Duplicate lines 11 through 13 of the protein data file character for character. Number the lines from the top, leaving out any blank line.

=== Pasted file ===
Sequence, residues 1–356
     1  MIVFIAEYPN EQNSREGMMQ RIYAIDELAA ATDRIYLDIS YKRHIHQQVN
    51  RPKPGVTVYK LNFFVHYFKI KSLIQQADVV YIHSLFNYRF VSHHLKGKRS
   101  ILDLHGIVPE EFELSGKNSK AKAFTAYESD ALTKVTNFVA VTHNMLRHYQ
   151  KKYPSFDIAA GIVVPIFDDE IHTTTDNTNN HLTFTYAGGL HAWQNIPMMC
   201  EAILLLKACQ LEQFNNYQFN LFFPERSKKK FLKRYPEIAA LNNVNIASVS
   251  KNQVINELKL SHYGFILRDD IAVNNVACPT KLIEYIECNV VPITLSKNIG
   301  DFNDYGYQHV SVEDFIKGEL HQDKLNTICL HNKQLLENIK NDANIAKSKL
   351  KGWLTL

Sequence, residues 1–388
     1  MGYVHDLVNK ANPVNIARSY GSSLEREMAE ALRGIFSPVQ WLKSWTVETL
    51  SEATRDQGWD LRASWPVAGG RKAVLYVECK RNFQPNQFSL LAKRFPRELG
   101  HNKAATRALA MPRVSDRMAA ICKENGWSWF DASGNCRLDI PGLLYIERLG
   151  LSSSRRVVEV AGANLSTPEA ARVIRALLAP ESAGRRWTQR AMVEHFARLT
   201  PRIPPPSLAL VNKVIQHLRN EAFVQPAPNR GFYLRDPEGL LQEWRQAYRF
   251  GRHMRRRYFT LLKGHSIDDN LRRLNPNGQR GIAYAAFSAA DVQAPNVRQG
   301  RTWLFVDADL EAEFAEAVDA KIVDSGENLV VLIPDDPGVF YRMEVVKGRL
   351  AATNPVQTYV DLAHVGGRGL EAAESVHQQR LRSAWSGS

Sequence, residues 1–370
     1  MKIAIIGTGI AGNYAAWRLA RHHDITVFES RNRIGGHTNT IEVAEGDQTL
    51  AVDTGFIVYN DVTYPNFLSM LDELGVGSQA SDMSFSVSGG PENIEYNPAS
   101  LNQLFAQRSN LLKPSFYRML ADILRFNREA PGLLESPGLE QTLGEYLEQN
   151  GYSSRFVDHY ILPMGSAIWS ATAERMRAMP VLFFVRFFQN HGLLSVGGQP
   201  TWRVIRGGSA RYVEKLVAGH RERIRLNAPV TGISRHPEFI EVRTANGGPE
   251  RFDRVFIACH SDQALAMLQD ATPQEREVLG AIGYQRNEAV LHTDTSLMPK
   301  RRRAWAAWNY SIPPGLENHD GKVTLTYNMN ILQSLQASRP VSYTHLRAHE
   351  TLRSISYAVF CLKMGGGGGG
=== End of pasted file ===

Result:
     1  MGYVHDLVNK ANPVNIARSY GSSLEREMAE ALRGIFSPVQ WLKSWTVETL
    51  SEATRDQGWD LRASWPVAGG RKAVLYVECK RNFQPNQFSL LAKRFPRELG
   101  HNKAATRALA MPRVSDRMAA ICKENGWSWF DASGNCRLDI PGLLYIERLG